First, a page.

What does this mean? Not what you would think based on the ordinary current meanings of these words -- the same problem again. "Arts" does not mean painting or sculpture or whatever, but the Seven Liberal Arts. "Bachelor" does not mean an unmarried male, but comes from the Latin baccalaureus, and originally referred to the lowest class of knight, a squire, or apprentice, to a knight, or a knight in the service of another knight. The word itself seems to have come from baccalaris, a man employed on a dairy farm. Bacca was a variant of late Latin vacca, which still survives in Spanish as vaca -- cow. The progress is similar to that of learning a trade in a guild.

A Bachelor could then go on to further study, and then participating in and moderating disputations (disputationes). These were highly formalised debates on the truth of specific propositions, usually based on arguments from appropriate authorities, called argumentum ad verecundiam.  These are inappropiate to syllogistic logic, in which the syllogism is true or false based on its on its correct process and not who does it.  But they are common in informal logic, where, since no-one can be an expert on everything one relies on those who supposedly are experts on this or that thing.  This is the origin of the ad hominum (against the man), which is not name-calling, but refuting a statement on the basis that the authority cited is no authority at all. On such further study and activity, a person would be awarded the degree Master of Arts, the Arts being the Seven Liberal Arts, and "master" deriving from the Latin magister, which looks like master but actually means teacher; one may now teach the Arts.

Luther's so-called "95 Theses" were an invitation to exactly such a Disputation.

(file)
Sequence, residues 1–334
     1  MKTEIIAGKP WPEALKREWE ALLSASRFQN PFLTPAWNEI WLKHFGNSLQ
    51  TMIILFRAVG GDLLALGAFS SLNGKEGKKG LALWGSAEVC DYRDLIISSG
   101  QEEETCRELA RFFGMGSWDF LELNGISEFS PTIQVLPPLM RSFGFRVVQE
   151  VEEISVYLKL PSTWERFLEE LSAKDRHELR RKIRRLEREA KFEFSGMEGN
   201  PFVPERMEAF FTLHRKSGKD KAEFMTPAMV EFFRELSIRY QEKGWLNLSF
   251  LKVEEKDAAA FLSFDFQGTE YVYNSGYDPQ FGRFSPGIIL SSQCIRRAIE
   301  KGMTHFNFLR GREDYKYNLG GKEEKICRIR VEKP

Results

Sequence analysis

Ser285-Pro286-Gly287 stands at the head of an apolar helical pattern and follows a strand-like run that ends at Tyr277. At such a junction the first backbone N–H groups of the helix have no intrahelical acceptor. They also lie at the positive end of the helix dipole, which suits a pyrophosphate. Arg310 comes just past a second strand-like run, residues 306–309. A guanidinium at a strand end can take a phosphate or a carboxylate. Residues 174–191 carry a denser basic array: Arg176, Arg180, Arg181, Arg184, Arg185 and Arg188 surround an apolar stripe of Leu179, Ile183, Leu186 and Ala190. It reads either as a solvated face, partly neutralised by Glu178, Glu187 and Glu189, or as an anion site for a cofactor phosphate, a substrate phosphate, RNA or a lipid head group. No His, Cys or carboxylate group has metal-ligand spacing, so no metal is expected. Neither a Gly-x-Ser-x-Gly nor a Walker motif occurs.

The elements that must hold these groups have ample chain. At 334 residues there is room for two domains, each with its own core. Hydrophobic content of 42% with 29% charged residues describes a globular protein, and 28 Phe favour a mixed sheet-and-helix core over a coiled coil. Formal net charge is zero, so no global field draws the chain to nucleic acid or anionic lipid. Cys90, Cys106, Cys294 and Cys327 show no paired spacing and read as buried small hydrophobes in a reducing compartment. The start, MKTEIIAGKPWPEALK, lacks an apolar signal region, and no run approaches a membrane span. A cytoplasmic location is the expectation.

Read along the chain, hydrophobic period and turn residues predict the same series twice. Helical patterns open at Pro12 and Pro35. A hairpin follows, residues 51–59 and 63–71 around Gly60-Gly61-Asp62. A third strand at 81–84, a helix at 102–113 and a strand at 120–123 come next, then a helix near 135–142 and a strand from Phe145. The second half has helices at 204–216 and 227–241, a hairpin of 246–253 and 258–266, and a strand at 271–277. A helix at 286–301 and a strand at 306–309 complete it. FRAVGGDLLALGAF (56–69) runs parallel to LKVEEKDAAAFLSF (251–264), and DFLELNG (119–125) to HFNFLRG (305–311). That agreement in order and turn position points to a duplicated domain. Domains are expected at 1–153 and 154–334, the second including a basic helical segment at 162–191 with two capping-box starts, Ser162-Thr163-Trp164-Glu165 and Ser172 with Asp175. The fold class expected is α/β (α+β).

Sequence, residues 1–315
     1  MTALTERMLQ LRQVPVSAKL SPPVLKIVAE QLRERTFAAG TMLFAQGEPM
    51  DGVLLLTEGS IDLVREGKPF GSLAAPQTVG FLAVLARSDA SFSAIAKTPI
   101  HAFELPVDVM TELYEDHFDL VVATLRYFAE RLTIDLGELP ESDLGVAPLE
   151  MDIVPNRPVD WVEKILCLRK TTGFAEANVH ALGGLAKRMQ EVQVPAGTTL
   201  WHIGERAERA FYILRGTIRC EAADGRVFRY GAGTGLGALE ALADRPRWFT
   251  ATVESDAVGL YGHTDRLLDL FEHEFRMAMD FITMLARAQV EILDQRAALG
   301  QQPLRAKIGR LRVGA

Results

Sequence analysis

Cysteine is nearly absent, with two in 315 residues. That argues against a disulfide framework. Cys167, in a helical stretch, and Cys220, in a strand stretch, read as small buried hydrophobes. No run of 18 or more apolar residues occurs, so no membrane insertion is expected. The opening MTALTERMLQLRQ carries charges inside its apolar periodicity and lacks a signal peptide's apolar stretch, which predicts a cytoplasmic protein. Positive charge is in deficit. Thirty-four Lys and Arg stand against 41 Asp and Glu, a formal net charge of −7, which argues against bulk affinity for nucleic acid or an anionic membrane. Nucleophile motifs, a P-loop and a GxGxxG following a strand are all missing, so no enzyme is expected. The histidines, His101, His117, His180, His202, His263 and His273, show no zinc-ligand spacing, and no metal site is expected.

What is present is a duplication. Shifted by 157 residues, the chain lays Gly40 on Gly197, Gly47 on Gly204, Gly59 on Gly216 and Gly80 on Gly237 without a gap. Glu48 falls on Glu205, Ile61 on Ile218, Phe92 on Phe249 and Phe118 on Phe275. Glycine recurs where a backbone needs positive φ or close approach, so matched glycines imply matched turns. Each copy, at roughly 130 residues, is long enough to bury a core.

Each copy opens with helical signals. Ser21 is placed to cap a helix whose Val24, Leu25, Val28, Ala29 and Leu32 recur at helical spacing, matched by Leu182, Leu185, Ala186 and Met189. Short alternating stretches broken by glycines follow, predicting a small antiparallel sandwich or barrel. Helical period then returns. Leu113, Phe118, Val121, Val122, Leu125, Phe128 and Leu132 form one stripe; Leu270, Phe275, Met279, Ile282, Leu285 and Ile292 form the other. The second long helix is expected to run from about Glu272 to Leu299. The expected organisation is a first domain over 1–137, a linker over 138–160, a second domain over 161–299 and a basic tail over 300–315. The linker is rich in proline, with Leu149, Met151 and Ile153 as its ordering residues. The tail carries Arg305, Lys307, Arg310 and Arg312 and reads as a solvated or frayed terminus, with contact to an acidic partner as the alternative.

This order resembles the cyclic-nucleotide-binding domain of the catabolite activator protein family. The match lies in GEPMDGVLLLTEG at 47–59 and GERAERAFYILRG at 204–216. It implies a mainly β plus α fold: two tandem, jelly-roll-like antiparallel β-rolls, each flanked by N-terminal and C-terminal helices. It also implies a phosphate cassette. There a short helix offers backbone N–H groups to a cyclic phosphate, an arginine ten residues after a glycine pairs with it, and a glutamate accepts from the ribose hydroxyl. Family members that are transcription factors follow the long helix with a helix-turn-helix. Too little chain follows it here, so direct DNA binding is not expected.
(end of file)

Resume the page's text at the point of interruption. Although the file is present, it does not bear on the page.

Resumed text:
A degree was simply a step, in Latin gradus, to becoming a teacher or master, hence the term "graduate", a progression again similar to the trade guilds and still seen in the apprentice, journeyman and master structure of qualification in the trades. Since the masters were teachers, they were also called doctors, from the Latin for "to teach". Over time, since the three higher fields of study were Law, Medicine and Philosophy, masters who went into these fields earned a final doctor degree in them, and the doctoral degree in these higher faculties came to be regarded higher than the master teachers/doctors, eventually becoming the present Bachelor, Master, Doctor hierarchy, with later fields coming under the division of philosophy along with philosophy itself.

The story of the modern universities begins with the schools attached to monasteries, generally Benedictine, real monking monks, not just monked over, preserving some light against the darkness of the times, which times are known as the Dark Ages. Karl der Grosse, known to some as Charlemagne, who forged the first more or less unified state in Europe since the Roman Empire, was crowned Imperator Augustus by Pope Leo III on Christmas Day 800 at St Peter's Basilica (the old one; the current one is on the same site) to re-establish a Western entity against the still standing Eastern Roman Empire, and thus is considered the Father of Europe. Among his many accomplishments, he encouraged education. With the reforms of Pope St Gregory (died 12 March 604) for learning to include more than liturgy but also theology and canon law, bishops began to establish schools in their cathedral parishes to teach things beyond the monastery schools. Then, with demand far in excess of supply, plus the original town and gown tensions between students and townspeople, which were not pretty with rape and murder not uncommon and often protected by clerical immunity, schools gravitated to big cities.